government in 1862 had just finished the Mexican-American war and
was involved in a "revolution" to re-establish the Loyalist
government. As the liberals, headed by Benito Juarez, gained momentum,
the Loyalists appealed to the French and Napoleon III sent his cousin
Maximillian to Mexico as head of one of the best armies in the world
at that time.
Particular to the area of Puebla were two forts or "fuertes"
in Spanish, called Guadalupe and Loreto. They were situated about
500 meters apart on a hill overlooking the center of the town. Both
forts were manned, not only with regular Mexican troops, but also
with Indians who were recruited and showed up with sticks, rocks,
and machetes specifically to fight the French. Although there was
not any particular loyalty to the Mexican government on the part
of the Indians, they fought probably to keep the way of life they
_ The third and
decisive battle was aided by the rain. The dirt surrounding the
fort quickly turned to mud and with men and horses constantly on
it, to a mire. The French were unable to move their artillery in
and the Mexicans eventually prevailed. Although the Mexicans won
this battle and lost the war, that fact has not deterred the country
from declaring May 5th a holiday. Celebrations occur mostly in Puebla
and curiously enough, in the United States where Hispanic communities
usually have a traditional meal and traditional music.
Cathedrals and Churches
_ On a clear
day the landscape of Puebla is dominated by the snow-capped volcano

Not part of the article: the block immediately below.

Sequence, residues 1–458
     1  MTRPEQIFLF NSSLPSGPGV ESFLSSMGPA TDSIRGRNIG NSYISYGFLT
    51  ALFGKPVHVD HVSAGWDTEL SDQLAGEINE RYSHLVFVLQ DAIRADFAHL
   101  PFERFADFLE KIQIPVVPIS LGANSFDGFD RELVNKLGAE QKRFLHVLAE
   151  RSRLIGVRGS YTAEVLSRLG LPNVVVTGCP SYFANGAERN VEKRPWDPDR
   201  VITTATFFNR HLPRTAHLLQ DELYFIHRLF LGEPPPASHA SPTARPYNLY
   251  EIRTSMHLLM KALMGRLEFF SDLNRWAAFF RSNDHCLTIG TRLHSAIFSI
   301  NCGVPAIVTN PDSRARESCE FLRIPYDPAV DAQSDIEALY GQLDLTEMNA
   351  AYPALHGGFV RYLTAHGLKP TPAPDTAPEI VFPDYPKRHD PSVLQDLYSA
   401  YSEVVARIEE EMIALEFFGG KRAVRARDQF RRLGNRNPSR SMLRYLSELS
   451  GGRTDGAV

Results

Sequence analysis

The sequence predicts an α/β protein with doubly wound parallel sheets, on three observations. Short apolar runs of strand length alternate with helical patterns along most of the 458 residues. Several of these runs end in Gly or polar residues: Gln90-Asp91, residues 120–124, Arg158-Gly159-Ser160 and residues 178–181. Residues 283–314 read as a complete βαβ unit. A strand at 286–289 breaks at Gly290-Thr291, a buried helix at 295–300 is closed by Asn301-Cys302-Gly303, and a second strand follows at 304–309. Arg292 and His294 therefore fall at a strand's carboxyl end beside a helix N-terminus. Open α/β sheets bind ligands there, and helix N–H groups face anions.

of Popocatepetl or "Popo." It is the second highest peak
in Mexico. From Cholula, the visitor can't help but notice the remains
of the largest pyramid in Mesoamerica. At the top of the pyramid
is the church of Nuestra Señora de los Remedios which was
constructed in 1874. This vantage point looks over the cities of
Cholula and Puebla and the 53 churches located in the area.
With the Spanish Conquest of the early 16th century came major efforts
by the Spanish to convert the indigenous peoples to Catholicism.
To prevent ancient religious practices and to convince the people
of the power of the Catholic church, huge cathedrals were built
at the peak of their existing pyramids. Further evidence of the
Spaniards' attempt to convert the indigenous people to Catholicism
can be seen inside the famous Santa Maria Tonanzintla church. With
the influence of the European Baroque style, architects designed
the ornate interior of this church with colorful saints, fruit,
angles, and cherubs. Begun in the 16th century, it took Indian craftsmen
more than 200 years to complete this cathedral. This style has been
called "Folk Baroque" and "Popular Baroque."
For more history on Cholula and Puebla
Brief history of Puebla
Brief history of Cholula 1
Brief history of Cholula 2
Brief history of Cholula and Puebla
Weather and Maps
Weather report for the state of Puebla
Roads in Puebla
Architecture and Archeology in Cholula
Architecture in Puebla
Archeology in Puebla
Pictures of Puebla
The ruins of Cholula 1
The ruins of Cholula 2
The ruins of Cholula 3
The ruins of Cholula 4
About México, Puebla and the
Website of Cholula and Puebla for tourists
Welcome to San Pedro Cholula
Welcome to San Andrés Cholula